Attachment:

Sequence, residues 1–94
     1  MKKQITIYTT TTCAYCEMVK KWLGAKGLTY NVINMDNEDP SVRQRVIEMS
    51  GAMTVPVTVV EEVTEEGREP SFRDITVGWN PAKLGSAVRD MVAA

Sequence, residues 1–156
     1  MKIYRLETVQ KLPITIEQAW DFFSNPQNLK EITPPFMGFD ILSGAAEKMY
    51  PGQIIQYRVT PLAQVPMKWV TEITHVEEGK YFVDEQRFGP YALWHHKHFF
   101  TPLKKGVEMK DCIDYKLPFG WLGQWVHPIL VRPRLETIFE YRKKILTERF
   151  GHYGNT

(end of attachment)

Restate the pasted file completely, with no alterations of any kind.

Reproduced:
Sequence, residues 1–94
     1  MKKQITIYTT TTCAYCEMVK KWLGAKGLTY NVINMDNEDP SVRQRVIEMS
    51  GAMTVPVTVV EEVTEEGREP SFRDITVGWN PAKLGSAVRD MVAA

Sequence, residues 1–156
     1  MKIYRLETVQ KLPITIEQAW DFFSNPQNLK EITPPFMGFD ILSGAAEKMY
    51  PGQIIQYRVT PLAQVPMKWV TEITHVEEGK YFVDEQRFGP YALWHHKHFF
   101  TPLKKGVEMK DCIDYKLPFG WLGQWVHPIL VRPRLETIFE YRKKILTERF
   151  GHYGNT